Aug. 10, 2022
Awning windows can only open to a limited, fixed degree, making them perfect if you want to leave windows open in light rain.
With a hinge near the top of the frame, awning windows swing out at the bottom to open. They can be partially or fully opened (and closed) by turning a winder.
You can install them above, below, and alongside one another, or next to fixed windows. As such, they’re a versatile option that can enhance virtually any home design.
Sliding windows feature one or more fixed sashes and one or more moving sashes (a “sash” is the glass and framework that holds the glass in place).
As the name suggests, they are opened and closed by sliding the moving sash or sashes left or right.
Sliding windows are perhaps the most common window type found in Australian homes. Their simple, functional design makes them easy to operate. They’re also available in large sizes, making them a good option for improving your home’s ventilation, natural light, and external views.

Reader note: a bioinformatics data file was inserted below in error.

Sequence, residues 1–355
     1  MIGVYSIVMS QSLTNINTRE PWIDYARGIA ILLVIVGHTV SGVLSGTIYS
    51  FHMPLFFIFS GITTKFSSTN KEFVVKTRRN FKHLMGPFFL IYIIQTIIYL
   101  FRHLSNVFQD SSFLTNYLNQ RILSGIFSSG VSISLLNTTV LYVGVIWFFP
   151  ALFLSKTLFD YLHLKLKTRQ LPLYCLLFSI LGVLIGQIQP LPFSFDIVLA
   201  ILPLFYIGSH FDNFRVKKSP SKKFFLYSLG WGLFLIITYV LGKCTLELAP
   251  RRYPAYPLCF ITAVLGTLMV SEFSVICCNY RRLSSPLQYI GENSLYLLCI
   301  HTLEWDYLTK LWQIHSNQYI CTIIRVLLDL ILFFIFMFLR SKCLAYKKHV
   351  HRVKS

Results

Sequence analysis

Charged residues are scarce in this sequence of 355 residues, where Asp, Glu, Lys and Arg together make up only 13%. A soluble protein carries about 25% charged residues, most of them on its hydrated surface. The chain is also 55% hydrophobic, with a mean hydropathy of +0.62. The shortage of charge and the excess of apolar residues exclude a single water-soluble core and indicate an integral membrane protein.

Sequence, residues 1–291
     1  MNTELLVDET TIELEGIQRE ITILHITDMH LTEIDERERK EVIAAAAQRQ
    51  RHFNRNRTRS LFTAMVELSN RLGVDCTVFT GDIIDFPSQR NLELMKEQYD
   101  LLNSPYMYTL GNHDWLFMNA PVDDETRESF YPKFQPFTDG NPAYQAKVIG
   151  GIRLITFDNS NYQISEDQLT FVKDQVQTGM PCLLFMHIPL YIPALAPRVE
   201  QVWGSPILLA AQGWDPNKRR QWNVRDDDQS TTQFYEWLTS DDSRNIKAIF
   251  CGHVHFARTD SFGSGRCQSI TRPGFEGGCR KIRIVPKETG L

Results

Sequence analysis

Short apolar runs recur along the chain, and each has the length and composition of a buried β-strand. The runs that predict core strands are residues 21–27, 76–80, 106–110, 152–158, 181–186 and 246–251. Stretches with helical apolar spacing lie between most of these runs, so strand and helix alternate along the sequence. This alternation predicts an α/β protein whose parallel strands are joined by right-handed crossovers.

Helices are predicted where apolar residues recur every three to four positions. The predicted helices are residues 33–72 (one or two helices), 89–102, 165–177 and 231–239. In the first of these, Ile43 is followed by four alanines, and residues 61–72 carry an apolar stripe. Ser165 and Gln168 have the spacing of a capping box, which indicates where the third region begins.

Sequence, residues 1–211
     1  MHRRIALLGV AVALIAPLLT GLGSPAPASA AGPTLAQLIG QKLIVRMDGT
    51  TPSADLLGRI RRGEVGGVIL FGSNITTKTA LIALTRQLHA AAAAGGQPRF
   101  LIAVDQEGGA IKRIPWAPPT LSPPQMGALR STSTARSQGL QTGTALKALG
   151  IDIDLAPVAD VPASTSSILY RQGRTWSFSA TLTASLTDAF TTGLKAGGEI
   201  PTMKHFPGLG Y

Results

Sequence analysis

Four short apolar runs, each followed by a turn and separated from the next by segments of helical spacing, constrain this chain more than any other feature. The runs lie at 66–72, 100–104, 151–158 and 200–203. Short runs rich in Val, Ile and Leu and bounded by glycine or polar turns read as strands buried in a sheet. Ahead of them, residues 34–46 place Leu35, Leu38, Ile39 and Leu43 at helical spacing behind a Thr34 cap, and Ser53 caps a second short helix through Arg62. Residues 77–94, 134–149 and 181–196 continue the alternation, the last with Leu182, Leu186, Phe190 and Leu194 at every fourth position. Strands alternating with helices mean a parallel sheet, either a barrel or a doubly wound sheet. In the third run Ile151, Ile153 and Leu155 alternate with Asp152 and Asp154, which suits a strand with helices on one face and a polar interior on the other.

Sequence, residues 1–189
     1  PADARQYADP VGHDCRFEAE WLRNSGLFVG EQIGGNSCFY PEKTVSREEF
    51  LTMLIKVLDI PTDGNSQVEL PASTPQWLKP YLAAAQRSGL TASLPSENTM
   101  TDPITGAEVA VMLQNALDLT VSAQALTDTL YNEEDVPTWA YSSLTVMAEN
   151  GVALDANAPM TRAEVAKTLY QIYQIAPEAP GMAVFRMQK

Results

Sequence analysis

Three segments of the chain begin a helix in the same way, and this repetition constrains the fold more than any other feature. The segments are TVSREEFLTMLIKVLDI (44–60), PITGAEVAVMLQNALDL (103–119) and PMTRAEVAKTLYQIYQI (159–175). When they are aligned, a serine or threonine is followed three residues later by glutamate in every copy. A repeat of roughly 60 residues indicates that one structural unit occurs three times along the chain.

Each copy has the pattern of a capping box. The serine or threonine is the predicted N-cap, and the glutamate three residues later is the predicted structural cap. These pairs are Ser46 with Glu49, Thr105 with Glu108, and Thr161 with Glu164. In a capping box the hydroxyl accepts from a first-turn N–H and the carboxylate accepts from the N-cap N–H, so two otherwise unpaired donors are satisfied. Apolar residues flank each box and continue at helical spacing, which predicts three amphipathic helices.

With their wide-swing openings and aesthetically-appealing appearance, casement windows are a long-time favourite for many people.
Casement windows are hinged either on the left or right side and swing outwards like hinged doors. They may feature one or more sashes within a single window frame.
One key advantage they offer is the ability to control the level of ventilation in your home. By opening them at certain angles, you can funnel soft or strong breezes into your home.
Double hung windows feature two panels, both of which can slide up and down in the frame.
The sashes remain inside the frame, so they don’t protrude when open.
Because double hung windows can be opened from either the top or the bottom, they’re perfect for adjusting the airflow entering your home.
They are sometimes referred to as “sash windows”, but whatever their name, they all work in the same manner.
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